Last Updated on July 29, 2019, by eNotes Editorial. Word Count: 415
Under the Banyan Tree and Other Stories (1985) is one of Narayan’s best-known collections of short stories and includes many brief pieces that are little more than character sketches, originally written for The Hindu in Madras during his early career. One of them, ‘‘Like the Sun,’’ gives an Indian version of the often-told tale of a man who can only tell the truth.
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Of his fourteen novels, Narayan has said that his own favorite is A Tiger for Malgudi. Set in the same fictional town as most of his fiction, this fable incorporates Indian folktales and myths and is narrated by Raja, a tiger.
Saros Cowasjee has edited two collections of Indian short fiction, Stories from the Raj: From Kipling to Independence (1982) and More Stories from the Raj: From Kipling to the Present Day (1986). Although both volumes are out of print, they are available from most good-sized libraries, and they demonstrate the variety and strength of the short story in India.
Many critics have compared Narayan’s fictional town of Malgudi to William Faulkner’s Yoknapatawpha County, though most find that Faulkner’s vision is darker than Narayan’s. Faulkner’s Collected Stories (1950, 1977) offers many stories set in his fictional landscape and features recurring characters.
Published in 1924, before Indian independence from Great Britain, E. M. Forster’s A Passage to India is a novel about the difficulties of interracial friendship in colonial India. During this time of heightened tension, even the most tolerant of the British find their compassion and common sense overrun by their racial prejudice.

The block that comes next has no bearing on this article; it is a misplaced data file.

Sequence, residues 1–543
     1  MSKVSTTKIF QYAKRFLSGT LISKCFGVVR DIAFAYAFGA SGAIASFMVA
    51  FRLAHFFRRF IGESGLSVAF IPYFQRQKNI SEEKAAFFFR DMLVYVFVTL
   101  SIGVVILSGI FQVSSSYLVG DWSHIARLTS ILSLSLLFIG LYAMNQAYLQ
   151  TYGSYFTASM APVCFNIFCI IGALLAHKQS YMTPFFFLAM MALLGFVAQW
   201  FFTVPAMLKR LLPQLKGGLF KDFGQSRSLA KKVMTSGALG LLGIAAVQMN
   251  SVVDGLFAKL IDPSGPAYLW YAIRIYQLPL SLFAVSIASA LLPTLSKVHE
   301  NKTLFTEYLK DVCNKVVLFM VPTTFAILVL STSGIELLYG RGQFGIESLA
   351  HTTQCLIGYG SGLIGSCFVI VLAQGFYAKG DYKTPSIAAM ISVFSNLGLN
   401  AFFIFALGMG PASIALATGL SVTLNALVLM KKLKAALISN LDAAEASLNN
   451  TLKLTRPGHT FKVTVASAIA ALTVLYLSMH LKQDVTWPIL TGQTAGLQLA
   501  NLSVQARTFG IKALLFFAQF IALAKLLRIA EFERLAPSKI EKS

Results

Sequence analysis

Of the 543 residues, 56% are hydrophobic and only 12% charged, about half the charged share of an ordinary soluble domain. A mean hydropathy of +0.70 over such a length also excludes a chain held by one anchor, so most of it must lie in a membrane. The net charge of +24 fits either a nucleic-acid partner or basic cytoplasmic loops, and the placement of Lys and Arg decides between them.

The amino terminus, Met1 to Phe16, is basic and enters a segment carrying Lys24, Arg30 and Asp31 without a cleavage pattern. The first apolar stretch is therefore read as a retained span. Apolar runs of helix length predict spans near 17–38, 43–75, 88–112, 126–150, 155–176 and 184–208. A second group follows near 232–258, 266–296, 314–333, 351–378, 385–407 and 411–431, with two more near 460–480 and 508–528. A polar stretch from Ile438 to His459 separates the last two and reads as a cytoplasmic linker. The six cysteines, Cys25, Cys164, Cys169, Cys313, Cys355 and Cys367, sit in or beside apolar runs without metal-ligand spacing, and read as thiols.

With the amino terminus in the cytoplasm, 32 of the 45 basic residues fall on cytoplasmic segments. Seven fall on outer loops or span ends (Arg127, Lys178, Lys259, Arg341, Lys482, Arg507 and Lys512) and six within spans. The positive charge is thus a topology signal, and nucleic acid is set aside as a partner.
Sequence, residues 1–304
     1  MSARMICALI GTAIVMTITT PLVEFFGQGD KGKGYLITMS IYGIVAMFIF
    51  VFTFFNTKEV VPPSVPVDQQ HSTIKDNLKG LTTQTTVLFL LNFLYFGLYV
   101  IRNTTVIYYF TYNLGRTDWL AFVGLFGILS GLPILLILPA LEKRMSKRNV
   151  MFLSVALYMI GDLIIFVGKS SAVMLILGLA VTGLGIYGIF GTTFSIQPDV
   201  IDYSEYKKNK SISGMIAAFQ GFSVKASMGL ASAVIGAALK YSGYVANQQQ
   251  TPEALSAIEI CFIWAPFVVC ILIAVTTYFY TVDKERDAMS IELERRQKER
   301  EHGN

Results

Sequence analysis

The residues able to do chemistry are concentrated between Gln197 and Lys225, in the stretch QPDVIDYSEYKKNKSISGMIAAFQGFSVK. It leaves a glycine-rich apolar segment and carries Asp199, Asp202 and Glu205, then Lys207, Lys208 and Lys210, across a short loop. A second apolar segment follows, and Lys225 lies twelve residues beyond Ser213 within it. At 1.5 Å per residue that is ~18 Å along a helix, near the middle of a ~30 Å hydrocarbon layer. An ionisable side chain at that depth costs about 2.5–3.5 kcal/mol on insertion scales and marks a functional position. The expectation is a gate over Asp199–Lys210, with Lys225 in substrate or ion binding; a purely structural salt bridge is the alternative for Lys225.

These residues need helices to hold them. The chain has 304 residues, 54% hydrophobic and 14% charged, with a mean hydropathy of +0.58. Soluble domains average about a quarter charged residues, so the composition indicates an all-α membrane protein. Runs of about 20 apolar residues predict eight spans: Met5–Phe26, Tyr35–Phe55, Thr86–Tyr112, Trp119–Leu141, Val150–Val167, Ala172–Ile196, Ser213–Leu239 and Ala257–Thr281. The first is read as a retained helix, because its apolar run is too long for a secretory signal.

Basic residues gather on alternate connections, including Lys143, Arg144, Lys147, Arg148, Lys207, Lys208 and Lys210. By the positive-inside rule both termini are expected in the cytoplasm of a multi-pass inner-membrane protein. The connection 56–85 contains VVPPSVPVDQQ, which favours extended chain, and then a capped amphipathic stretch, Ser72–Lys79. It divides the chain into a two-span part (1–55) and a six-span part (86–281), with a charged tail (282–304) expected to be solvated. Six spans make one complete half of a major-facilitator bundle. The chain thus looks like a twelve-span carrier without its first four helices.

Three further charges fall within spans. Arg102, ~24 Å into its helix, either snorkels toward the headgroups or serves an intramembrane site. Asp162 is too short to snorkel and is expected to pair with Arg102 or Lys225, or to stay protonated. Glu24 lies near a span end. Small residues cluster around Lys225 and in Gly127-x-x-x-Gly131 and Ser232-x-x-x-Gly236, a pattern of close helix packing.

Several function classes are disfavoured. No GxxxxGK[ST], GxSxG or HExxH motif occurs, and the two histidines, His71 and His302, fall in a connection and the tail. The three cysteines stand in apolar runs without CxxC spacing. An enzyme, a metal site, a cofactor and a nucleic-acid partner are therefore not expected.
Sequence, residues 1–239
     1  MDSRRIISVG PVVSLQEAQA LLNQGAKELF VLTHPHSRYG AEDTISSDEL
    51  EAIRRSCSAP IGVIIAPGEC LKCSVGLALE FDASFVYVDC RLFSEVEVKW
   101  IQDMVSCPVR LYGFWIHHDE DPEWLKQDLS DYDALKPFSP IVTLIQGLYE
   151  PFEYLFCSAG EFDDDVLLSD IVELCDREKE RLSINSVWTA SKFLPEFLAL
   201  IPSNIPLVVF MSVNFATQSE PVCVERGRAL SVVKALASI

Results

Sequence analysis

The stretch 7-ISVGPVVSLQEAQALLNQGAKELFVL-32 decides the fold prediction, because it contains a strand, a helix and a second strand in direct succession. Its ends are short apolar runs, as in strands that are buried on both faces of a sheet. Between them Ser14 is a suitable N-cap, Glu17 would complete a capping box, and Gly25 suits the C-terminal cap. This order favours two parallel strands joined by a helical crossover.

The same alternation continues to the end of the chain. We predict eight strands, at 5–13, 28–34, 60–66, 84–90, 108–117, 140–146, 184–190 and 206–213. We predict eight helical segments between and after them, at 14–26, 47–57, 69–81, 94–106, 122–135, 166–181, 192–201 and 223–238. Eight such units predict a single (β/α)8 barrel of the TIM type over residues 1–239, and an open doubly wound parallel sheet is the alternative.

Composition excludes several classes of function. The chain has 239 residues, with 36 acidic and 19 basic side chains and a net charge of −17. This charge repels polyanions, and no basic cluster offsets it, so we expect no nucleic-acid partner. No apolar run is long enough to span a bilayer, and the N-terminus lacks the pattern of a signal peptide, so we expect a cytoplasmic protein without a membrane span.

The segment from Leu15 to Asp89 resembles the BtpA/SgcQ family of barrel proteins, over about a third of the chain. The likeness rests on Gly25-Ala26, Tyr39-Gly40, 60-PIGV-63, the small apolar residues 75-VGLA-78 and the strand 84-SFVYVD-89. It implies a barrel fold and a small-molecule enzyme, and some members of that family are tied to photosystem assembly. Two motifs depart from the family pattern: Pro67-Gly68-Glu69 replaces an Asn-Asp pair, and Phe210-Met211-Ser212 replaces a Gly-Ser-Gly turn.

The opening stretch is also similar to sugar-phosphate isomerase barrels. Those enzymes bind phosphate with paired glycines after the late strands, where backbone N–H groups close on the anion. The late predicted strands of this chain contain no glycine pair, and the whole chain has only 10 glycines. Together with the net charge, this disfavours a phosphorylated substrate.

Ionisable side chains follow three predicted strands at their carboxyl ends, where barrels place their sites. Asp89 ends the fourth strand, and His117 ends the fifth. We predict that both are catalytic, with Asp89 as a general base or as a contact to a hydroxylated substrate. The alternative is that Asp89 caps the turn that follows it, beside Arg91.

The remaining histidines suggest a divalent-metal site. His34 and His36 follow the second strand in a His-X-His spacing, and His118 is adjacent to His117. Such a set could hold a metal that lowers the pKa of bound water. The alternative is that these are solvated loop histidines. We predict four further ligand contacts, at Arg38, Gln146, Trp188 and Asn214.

The Ramayana tells the adventure story of the ruler Rama, who loses his kingdom and joins forces with the monkey king Sugriva to regain his wife and his throne. Written in about 300 B.C., the Ramayana exists in many English translations, including Narayan’s own The Ramayana: A Shortened Modern Prose Version of the Indian Epic (1972).
Considered the longest poem ever written, the Mahabharata, or the Great Epic of the Bharata Dynasty, was composed between 200 B.C. and A.D. 200. It contains many of the most wellknown stories and legends of Indian civilization. It, too, has appeared in many English versions, including a 1978 translation by Narayan, The Mahabharata: A Shortened Prose Version of the Indian Epic.
Clear Light of Day (1980) by Anita Desai, an important female Indian novelist and short story writer. Two sisters, Tara and Bim, suffer through family conflicts, political violence and an epidemic in early twentieth-century India, and learn that forgiveness can heal old wounds.